The most common emotional/psychiatric disorder associated with HD is depression. Some people can experience depression for months or even years before it is recognised as an early symptom of HD. Listed below are some of the other emotional symptoms;
- Feelings of irritability, sadness or apathy
- Social withdrawal
- Fatigue and loss of energy
- Frequent thoughts of death, dying or suicide
The Progression of HD
According to Dr. Ira Shoulson, the progress of HD can be divided into five stages that are flexible after diagnosis;
- Early Stage – the person is diagnosed as having HD and can function fully both at home and work.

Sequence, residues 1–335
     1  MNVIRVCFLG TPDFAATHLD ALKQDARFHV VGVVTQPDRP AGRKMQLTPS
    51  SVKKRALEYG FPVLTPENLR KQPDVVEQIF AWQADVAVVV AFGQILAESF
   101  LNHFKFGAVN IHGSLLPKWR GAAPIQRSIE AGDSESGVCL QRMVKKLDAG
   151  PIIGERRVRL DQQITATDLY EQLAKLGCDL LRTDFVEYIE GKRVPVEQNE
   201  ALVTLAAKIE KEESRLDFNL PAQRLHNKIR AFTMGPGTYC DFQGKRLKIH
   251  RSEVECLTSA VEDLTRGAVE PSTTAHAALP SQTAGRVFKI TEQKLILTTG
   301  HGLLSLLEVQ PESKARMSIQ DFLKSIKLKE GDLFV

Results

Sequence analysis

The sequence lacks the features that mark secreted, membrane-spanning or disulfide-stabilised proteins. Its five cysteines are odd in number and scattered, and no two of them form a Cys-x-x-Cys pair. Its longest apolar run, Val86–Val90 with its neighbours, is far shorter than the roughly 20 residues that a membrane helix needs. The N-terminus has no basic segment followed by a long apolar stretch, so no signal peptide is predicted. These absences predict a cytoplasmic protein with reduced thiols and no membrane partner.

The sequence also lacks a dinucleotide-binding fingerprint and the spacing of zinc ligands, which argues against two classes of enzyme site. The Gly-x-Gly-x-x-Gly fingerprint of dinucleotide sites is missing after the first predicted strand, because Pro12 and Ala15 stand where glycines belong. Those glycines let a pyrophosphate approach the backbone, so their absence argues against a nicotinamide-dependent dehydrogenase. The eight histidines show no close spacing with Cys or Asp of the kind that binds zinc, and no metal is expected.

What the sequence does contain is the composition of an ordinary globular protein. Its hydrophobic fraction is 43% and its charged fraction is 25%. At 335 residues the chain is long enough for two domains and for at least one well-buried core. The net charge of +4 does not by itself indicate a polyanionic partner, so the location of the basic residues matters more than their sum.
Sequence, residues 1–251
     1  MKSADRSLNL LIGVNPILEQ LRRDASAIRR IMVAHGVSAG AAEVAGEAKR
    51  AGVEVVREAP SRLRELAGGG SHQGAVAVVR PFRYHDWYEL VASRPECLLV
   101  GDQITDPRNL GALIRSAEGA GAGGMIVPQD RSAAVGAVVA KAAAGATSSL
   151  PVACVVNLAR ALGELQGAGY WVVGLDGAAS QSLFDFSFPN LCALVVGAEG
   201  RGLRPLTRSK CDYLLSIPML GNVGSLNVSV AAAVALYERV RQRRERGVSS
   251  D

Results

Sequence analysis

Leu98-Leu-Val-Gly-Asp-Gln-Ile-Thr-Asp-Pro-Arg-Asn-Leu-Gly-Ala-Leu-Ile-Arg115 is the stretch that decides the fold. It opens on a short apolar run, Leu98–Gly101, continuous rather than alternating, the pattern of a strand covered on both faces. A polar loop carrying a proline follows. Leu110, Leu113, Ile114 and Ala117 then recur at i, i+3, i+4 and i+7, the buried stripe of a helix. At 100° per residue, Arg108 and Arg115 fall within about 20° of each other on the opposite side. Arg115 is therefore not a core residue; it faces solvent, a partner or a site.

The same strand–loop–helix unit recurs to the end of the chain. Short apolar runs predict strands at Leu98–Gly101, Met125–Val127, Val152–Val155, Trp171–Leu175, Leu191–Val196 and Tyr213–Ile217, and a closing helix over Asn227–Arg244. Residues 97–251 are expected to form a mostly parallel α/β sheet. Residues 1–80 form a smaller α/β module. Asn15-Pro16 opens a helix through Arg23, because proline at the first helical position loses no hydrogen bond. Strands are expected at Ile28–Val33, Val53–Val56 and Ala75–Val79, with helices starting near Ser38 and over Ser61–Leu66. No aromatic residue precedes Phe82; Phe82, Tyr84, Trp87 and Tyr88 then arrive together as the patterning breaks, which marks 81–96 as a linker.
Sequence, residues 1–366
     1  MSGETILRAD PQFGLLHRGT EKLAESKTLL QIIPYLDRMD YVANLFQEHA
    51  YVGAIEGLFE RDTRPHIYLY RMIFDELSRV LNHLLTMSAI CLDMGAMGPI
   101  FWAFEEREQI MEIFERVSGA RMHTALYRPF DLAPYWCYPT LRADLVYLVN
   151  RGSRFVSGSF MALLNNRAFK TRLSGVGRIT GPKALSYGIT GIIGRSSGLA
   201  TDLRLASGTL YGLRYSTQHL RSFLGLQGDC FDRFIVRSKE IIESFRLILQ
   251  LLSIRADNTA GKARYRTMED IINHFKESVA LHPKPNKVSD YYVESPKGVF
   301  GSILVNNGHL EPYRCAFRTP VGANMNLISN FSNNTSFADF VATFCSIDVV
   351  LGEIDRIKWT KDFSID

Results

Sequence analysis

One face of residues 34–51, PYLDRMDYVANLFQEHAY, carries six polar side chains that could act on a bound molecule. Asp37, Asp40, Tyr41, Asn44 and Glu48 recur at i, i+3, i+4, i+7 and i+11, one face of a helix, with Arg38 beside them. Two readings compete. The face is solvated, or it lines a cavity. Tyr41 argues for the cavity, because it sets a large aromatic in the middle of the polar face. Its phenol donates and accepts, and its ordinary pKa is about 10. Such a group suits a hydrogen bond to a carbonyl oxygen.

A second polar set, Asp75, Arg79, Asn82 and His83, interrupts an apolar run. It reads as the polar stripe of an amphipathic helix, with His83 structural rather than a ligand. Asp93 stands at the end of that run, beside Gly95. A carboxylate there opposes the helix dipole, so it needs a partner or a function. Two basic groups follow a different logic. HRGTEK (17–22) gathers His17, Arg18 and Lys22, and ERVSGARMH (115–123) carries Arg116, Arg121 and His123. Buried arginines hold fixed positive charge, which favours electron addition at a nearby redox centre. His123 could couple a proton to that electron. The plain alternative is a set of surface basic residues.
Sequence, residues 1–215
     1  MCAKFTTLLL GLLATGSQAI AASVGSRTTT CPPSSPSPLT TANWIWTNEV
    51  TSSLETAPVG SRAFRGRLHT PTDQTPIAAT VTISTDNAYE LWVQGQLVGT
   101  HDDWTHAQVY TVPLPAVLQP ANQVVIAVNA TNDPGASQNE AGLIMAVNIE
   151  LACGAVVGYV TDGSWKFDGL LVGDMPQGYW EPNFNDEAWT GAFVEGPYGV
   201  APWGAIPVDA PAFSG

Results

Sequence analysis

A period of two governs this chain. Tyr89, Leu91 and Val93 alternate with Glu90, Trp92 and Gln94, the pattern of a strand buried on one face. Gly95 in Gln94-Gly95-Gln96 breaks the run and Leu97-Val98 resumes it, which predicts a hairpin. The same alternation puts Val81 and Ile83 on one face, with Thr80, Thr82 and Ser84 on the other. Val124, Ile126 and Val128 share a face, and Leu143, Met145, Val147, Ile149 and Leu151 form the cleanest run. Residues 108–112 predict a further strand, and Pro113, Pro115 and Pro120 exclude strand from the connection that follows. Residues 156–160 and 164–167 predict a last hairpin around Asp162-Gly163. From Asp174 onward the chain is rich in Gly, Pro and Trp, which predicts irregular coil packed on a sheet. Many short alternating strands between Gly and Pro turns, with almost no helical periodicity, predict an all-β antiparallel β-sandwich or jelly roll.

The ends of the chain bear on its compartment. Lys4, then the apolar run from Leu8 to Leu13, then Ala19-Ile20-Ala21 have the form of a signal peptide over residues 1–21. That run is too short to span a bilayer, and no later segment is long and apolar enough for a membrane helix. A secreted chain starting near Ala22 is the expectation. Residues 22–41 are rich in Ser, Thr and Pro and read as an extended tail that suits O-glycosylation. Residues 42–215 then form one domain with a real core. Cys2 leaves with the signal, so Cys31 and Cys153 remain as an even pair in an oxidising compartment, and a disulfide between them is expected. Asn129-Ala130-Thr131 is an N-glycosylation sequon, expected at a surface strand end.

- Early Intermediate Stage – the person remains employable but at a lower capacity. They are still able to manage their daily affairs despite some difficulties.
- Late Intermediate Stage – the person can no longer work and/or manage household responsibilities. They need considerable help or supervision to handle daily financial affairs. Other daily activities may be slightly difficult but usually only require minor help.
- Early Advanced Stage – the person is no longer independent in daily activities but is still able to live at home supported by their family or professionals.
- Advanced Stage – the person with HD requires complete support in daily activities and professional nursing care is usually needed.
People with HD usually die about 15 to 20 years after their symptoms first appear. The cause of death is not the disease itself but complications such as pneumonia, heart failure or infection developing from the body’s weakened condition.